It is clear that the work of recovery operators can be hazardous, particularly when they operate on roads with fast traffic, such as motorways and other parts of our strategic road network. It is important that we do all we can to provide a safe environment for operators to work in and for people who use the network to travel through. I am sure it has not gone unnoticed that the United Kingdom has some of the safest roads in the world, but the effect of every death and serious injury on our roads is devastating for the individuals involved and for their families; I absolutely recognise that.

The Government will continue to lead the way in improving road safety. This is a major national issue that demands close co-ordination across government agencies, the devolved Administrations, local government, enforcement authorities and a range of other bodies. We therefore published our road safety statement very recently. The road safety action plan last week outlined no fewer than 74 actions to reduce the number of people killed and injured on our roads.

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I have to beg the Minister’s forgiveness, because I have not read every detail of the road safety plan, but can he tell me how many of those 74 actions relate to roadside recovery operators?

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I commend the document to my hon. Friend. I cannot give her the exact number at the moment, but perhaps she will allow me to write to her about it.

Highways England is the Government company charged with operating, maintaining and improving England’s strategic road network of motorways and major A roads. It therefore has a key role to play in moving broken-down vehicles to a place of relative safety to await recovery or in closing a lane to make it safe, in exercise of its powers under the Traffic Management Act 2004 to stop and direct traffic.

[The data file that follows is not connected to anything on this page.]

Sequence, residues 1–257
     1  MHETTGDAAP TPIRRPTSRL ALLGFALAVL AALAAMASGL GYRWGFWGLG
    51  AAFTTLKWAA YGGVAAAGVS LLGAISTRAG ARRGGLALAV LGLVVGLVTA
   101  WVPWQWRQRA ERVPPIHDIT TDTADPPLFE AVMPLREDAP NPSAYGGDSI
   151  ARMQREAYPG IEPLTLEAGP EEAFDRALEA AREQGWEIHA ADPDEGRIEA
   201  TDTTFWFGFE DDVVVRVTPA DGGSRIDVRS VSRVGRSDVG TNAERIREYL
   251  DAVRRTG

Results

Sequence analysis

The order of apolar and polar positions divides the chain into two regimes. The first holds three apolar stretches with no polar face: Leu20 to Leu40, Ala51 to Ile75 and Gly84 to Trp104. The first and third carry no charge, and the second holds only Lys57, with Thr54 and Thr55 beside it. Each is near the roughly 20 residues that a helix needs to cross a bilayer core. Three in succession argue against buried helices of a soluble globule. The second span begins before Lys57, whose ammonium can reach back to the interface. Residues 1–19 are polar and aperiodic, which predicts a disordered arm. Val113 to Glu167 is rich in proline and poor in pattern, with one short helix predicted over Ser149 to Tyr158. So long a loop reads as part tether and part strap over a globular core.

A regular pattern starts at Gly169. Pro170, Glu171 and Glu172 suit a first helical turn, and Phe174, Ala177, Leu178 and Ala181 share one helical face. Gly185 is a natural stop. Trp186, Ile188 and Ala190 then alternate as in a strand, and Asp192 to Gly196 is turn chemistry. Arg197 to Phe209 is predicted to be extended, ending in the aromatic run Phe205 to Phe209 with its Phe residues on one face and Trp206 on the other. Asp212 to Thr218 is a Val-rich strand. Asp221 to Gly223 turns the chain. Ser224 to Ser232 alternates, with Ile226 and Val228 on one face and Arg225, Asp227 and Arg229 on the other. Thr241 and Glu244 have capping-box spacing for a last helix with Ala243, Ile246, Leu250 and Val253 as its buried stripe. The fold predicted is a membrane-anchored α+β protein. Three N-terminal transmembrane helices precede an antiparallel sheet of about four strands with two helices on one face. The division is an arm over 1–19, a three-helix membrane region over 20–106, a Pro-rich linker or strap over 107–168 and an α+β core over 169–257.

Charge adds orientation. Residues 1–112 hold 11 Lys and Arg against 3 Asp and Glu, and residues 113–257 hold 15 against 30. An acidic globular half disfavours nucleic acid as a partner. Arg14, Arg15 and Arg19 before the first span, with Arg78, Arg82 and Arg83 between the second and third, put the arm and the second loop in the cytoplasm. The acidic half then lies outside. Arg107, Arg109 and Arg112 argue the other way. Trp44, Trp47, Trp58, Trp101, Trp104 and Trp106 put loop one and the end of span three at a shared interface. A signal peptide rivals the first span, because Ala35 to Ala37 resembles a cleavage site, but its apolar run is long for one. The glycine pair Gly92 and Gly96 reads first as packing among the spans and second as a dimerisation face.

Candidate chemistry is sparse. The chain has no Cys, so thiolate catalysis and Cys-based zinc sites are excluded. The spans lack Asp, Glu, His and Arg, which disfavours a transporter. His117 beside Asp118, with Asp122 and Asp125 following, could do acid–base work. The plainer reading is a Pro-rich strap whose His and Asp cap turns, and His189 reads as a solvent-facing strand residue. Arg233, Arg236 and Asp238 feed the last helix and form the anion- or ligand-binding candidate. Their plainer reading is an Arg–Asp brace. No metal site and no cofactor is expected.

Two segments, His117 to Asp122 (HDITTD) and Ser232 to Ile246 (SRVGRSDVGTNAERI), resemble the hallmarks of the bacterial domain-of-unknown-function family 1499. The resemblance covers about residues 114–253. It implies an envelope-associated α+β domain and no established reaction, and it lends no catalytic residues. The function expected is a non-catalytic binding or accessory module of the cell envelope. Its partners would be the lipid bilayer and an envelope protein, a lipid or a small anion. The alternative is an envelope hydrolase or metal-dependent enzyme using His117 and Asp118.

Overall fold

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I am fascinated to hear that Highways England is now moving vehicles and pulling them off the motorways. When I was the Minister, I asked how many vehicles it moved and the answer was zero, so I do not know quite where the Minister’s information is coming from.

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What I said was that Highways England has a key role to play in moving broken-down vehicles. Of course, it is all part of a team effort, including the blue-light emergency services as well as Highways England, when it comes to closing roads to improve safety after a road traffic collision or other breakdown circumstances.

Highways England is part of the SURVIVE group, which has developed and sponsors a detailed national standard to improve the safety of breakdown operatives, employees and customers during breakdown and recovery operations. Certification to the standard demonstrates that management systems are in place, with procedures established to meet safety standards, legislation and best practice for the industry and help road recovery operatives to carry out safe and rapid recovery of vehicles with minimal risk. The SURVIVE standard was introduced in 2015 and amended in 2018, and more than 500 organisations are currently accredited to it—a significant achievement that demonstrates real professionalism within the industry, which I congratulate.

The Government also recognise the benefit of improved vehicle construction standards. The road vehicles lighting regulations were amended in 2010 to require all new goods vehicles over 7.5 tonnes, including those used for road recovery purposes, to be fitted with conspicuity markings to the rear and side to illuminate the vehicle at night. Fitting such markings is optional for smaller vehicles, including the smaller recovery vehicles, but vehicles over 7.5 tonnes must have them. That requirement was brought in by this Government in 2010.

Amber warning beacons can be a valuable tool for conveying important information to other road users. The road vehicles lighting regulations restrict the fitting of amber warning beacons to vehicles with a specified purpose—including recovery vehicles, as well as vehicles used for highway maintenance, refuse vehicles and so on. Additional requirements limit the use of amber beacons to specific functions in order to avoid proliferation; for example, recovery vehicles may use the amber warning beacon only when attending an accident or breakdown, or while towing a broken-down vehicle.